Thursday, February 16, 2012

What is Your "Label"?

Over the past few years I have had numerous conversations with other artists who work with textiles about how they describe themselves and their work.  Fiber artist, textile artist, art quilter, contemporary textile artist and mixed media textile artist are some of the common labels people give themselves. Some artists are moving away from including the word textile in their description, feeling that many people don't consider textiles to be "real" art or that it is too limiting when entering exhibits with a lot of work in traditional fine art media. Others feel that it is important to define themselves as working in the fiber/textile field, precisely because of its rich heritage.

I removed the term "fiber artist" from my artist statement a few years ago and haven't come up with anything I really like. Which begs the question - do I really need a label?  It makes it easier when talking with people about one's work - although even when I called myself a fiber artist, people didn't know what that meant. And even when talking with someone who is familiar with fiber art, one still has to describe the area of focus.

I still haven't decided on the best approach for me. I think it's an evolutionary process.  Several years ago, I began to compare my work to other media by saying that I used cloth as my canvas.  That I dyed, printed and painted on cloth instead of canvas or paper. Now I say that I create abstract paintings on cloth.  I borrowed the term from Kathy Williams, an artist from Memphis. It still isn't completely clear, because people often have an image of what a "painting" looks like.  But until I come up with something better, that's my label.

How do you describe yourself and your work to others?  I'd love to hear your thoughts.


  1. Janet Bolton calls herself a 'picture maker'. That
    feels right to me. I also think I'm always telling a story with cloth, or hearing a story
    and putting it down.

    Your work on cloth is art making in my estimation. As more people use this medium I hope the words will work themselves out.

    1. I like that - picture maker. Story teller is nice, too. Hmm, now you've got me thinking about my work in a much broader sense. Thanks!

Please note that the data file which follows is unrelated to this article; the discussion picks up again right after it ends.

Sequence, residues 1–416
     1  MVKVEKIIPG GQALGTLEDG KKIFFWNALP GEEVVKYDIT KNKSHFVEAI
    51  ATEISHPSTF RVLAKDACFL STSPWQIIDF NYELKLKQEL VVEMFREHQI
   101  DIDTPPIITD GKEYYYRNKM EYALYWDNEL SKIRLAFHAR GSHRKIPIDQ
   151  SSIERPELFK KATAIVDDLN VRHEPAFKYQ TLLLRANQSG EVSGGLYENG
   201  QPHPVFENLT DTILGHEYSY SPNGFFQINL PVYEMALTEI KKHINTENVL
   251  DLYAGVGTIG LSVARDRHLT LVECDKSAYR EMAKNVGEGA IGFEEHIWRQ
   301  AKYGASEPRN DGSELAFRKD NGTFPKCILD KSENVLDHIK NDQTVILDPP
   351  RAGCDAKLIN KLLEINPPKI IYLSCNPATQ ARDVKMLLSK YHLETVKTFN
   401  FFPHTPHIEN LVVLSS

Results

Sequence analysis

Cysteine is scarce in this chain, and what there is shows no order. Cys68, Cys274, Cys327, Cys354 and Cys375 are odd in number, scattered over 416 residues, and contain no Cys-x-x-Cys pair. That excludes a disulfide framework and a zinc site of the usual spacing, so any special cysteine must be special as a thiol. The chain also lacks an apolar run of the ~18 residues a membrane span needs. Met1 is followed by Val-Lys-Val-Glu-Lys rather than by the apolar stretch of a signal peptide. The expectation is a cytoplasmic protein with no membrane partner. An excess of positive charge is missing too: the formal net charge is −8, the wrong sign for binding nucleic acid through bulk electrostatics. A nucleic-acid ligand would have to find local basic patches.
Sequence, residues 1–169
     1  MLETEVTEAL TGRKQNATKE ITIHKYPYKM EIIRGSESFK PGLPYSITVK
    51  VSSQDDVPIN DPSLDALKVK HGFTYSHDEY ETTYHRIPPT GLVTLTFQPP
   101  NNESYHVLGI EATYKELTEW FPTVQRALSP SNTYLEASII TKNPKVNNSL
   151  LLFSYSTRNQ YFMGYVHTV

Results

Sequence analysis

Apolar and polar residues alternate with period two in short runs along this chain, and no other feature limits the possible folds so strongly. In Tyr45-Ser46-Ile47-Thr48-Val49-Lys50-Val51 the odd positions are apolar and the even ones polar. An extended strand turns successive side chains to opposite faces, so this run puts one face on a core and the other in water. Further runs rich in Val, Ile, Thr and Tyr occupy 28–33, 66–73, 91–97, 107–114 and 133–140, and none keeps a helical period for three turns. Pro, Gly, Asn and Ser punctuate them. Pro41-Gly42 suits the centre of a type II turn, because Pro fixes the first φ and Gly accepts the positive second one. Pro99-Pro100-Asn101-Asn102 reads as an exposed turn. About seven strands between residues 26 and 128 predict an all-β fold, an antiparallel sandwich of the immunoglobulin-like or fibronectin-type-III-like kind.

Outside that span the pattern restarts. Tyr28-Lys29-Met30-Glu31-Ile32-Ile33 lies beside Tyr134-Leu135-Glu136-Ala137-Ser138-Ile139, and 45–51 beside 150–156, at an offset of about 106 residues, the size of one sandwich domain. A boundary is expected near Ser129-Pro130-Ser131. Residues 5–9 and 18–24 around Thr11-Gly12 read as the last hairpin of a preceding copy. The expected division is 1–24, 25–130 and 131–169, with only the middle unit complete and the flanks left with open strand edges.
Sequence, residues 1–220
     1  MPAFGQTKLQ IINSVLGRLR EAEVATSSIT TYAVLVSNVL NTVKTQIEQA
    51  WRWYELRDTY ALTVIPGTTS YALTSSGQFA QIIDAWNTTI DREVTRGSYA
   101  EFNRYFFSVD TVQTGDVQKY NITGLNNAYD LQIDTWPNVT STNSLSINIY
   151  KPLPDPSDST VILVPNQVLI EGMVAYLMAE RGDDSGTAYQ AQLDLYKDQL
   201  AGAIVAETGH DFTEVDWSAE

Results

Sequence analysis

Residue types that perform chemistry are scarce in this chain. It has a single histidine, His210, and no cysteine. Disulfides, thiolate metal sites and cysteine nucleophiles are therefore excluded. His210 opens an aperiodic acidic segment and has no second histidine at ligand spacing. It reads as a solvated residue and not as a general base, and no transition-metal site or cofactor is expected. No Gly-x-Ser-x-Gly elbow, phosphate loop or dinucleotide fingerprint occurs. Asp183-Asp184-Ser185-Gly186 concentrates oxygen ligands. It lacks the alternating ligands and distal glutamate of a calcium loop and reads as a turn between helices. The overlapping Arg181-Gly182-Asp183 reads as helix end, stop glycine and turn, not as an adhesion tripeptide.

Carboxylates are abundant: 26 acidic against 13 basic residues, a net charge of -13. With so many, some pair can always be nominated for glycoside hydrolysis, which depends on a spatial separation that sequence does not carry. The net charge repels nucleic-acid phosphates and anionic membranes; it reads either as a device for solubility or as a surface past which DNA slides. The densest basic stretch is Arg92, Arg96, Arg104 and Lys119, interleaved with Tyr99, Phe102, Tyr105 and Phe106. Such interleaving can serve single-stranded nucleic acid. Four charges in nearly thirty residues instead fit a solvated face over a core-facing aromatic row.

2. Well, I've decided to tell people that I'm an artist when they ask. This leads to: "What type of art?"....and then I explain. If their eyes glaze over, that is fine, and if not, then I will go only so far, and wait for another question. I hope I live long enough to see the day when our type of art is readily acceptable for entry in all shows. Lord knows there are enough of us out there!


    1. I remember when I first started calling myself an artist. I didn't believe it back then, but I knew that sometimes there is power in a label. I figured if I did it long enough, I would finally believe it. And now I do.

  3. I still call myself a fiber artist but I have been thinking on this as it seems my direction is changing. This change is not reflected in the work on my blog as I'm privately learning/experimenting right now, but.... Anyway, the work continues to include transfer painted fabric and quilted elements, but it's veering sharply away from what is considered "quilt art" and perhaps even from fiber/textile art. I digress.

    I read this article some time ago about a show of "textility" artists... have a look:

    For myself, I continue to ponder... more and more I'm leaning toward "artist" which would encompass all my work as I change and grow.

  4. Yes, I've been following that on Joanne Mattera's blog. That's a great example of how various art categories are blurring the lines. And I know a lot of textile artists whose work is also evolving to incorporate other media. I suppose this discussion is akin to the genres that writers and musicians are often placed in.


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